Use this URL to cite or link to this record in EThOS: https://ethos.bl.uk/OrderDetails.do?uin=uk.bl.ethos.817096
Title: An analysis of the structure of the Fante verb, with special reference to tone and glottalisation
Author: Stewart, John Massie
Awarding Body: SOAS University of London
Current Institution: SOAS, University of London
Date of Award: 1962
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Abstract:
The tonal phonemes which occur in utterances containing only one sentence are (i) high tone, (ii) downstep between successive high tones, and (iii) a slight rise towards the end of a prepausal high tone. The phonemic status of the second and third of these is very largely accounted for by low tones becoming high in agreement with adjacent high tones; downstep is basically an automatic feature of the second of two high tones which are separated by one or more low tones, but if a low tone between two high tones becomes high in tonal aagreement with the preceding or following high the downstep remains, occurring between the agreeing high and the high with which it is not in agreement. The slight rise towards the end of a prepausal high tone is basically an automatic feature of a high tone which is in pause and is borne by a tone-bearing unit without a final glottal stop, but if a low tone becomes high in pause in agreement with the preceding high it does not have the slight rise. The remaining occurrences of downstep and non- occurrences of the slight rise can be accounted for by the postulation of zero tone-bearing units with low or high tone (which mostly turn out to correspond to non-zero tone-bearing units in other dialects or languages). The glottal stop is an accentual rather than a consonantal phoneme. It sometimes represents a separate morpheme which might reasonably be looked upon as a morpheme of intonation, but apart from that it is basically an automatic feature of a tone-bearing unit of the pattern consonant-vowel-consonant which is in pause.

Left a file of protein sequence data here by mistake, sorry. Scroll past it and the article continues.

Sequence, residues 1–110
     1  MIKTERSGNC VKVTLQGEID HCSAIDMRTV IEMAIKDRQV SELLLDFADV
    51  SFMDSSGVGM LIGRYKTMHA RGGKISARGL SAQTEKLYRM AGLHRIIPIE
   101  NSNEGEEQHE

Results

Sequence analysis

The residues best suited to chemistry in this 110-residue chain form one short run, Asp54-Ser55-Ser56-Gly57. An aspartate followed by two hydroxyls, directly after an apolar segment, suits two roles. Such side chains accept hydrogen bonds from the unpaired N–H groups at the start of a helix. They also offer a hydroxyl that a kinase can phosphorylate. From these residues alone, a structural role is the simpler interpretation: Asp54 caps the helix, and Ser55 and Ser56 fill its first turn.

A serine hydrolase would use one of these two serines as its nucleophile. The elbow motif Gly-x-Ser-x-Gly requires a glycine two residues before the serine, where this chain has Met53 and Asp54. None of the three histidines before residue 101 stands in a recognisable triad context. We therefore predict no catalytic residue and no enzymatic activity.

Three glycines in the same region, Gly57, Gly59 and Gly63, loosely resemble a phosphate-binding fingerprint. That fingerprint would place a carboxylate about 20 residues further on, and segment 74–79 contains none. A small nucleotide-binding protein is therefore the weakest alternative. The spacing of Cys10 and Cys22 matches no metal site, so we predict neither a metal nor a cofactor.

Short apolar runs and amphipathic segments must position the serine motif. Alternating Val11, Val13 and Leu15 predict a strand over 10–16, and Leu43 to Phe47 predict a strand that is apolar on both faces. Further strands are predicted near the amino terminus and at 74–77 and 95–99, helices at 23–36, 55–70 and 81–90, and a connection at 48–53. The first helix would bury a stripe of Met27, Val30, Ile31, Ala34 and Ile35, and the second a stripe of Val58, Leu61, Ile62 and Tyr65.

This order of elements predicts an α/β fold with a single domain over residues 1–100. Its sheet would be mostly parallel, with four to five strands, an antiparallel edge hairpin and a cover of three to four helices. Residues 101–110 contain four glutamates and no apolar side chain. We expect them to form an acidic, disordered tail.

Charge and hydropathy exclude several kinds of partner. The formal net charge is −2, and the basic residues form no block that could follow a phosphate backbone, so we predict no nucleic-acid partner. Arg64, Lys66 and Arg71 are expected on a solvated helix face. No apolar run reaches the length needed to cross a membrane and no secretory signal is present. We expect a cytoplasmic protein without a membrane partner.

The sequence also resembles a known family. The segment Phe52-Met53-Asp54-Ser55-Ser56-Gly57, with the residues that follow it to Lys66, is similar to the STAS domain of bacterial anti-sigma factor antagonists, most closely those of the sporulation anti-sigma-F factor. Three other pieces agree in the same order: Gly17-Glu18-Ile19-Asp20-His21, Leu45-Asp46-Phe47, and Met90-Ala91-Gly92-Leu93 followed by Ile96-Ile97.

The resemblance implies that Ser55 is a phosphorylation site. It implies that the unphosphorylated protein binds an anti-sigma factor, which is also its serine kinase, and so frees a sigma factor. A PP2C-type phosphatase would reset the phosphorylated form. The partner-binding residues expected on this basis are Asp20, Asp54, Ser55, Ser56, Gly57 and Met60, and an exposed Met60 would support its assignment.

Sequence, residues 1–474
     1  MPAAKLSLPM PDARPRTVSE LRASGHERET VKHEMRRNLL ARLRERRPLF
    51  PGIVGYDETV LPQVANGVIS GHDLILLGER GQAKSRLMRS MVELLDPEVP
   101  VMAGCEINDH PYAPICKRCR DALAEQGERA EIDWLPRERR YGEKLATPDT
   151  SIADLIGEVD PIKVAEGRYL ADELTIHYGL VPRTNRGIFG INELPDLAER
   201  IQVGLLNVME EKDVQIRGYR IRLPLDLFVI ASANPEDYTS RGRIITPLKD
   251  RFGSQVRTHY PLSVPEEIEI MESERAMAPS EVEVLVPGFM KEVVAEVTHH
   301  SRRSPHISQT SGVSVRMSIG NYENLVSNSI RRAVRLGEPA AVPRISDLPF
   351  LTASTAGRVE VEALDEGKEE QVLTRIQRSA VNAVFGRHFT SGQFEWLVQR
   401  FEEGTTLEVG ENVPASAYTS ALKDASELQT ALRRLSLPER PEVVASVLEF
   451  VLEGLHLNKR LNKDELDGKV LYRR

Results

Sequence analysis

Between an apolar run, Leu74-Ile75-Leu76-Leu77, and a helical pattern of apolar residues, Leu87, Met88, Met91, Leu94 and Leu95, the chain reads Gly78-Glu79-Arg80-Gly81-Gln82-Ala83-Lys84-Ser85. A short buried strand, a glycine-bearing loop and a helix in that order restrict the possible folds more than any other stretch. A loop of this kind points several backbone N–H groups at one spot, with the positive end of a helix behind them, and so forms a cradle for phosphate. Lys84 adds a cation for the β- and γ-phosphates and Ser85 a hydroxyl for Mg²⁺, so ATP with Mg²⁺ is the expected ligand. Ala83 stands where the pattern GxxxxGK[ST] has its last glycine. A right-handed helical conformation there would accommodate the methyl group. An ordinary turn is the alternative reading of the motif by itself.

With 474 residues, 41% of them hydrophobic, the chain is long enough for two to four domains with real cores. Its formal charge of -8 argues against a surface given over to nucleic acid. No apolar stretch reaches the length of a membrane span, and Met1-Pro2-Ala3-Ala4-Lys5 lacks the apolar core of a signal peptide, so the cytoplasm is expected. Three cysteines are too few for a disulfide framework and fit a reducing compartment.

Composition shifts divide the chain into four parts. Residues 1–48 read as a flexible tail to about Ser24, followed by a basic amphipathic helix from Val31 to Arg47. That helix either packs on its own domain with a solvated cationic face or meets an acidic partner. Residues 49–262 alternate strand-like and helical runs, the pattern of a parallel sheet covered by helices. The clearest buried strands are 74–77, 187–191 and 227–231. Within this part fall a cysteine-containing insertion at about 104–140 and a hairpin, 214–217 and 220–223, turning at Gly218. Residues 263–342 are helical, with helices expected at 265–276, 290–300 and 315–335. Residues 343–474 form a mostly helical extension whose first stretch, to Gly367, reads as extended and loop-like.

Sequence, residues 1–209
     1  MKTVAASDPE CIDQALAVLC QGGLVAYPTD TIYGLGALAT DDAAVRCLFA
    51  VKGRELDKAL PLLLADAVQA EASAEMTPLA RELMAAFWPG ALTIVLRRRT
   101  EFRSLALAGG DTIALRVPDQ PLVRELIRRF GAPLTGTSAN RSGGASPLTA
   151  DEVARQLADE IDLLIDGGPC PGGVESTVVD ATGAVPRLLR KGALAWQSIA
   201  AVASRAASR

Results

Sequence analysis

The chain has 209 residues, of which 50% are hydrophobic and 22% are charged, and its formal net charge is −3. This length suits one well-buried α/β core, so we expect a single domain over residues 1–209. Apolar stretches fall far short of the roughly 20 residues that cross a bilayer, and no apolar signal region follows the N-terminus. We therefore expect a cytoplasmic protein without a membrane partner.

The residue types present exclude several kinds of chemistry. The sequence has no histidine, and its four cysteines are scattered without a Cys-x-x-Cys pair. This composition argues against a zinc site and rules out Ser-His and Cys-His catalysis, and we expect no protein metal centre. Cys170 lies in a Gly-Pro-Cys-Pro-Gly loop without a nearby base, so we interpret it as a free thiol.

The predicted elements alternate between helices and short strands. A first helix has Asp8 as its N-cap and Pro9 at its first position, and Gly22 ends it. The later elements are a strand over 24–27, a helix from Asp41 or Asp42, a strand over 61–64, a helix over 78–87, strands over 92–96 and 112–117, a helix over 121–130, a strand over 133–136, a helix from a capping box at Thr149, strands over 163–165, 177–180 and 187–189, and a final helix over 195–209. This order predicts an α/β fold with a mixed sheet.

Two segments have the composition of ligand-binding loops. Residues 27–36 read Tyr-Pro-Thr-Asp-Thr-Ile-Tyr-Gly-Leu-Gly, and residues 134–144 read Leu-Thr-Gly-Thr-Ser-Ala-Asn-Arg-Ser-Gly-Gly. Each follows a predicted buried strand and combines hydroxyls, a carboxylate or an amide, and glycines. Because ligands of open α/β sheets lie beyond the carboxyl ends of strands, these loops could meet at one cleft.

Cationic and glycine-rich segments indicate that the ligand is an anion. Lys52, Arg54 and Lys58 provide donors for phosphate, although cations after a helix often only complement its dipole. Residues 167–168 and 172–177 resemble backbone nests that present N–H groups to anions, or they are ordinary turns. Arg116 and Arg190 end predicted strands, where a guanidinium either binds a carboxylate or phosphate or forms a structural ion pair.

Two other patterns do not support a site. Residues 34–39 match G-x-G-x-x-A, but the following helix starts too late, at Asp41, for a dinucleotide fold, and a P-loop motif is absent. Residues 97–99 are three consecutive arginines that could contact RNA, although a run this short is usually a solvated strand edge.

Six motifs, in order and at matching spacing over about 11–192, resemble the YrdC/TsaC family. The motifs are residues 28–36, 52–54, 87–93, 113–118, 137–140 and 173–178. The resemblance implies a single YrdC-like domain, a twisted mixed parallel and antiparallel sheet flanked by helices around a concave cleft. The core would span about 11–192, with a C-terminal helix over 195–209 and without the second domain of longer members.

Supervisor: Not available Sponsor: Not available
Qualification Name: Thesis (Ph.D.) Qualification Level: Doctoral
EThOS ID: uk.bl.ethos.817096  DOI:
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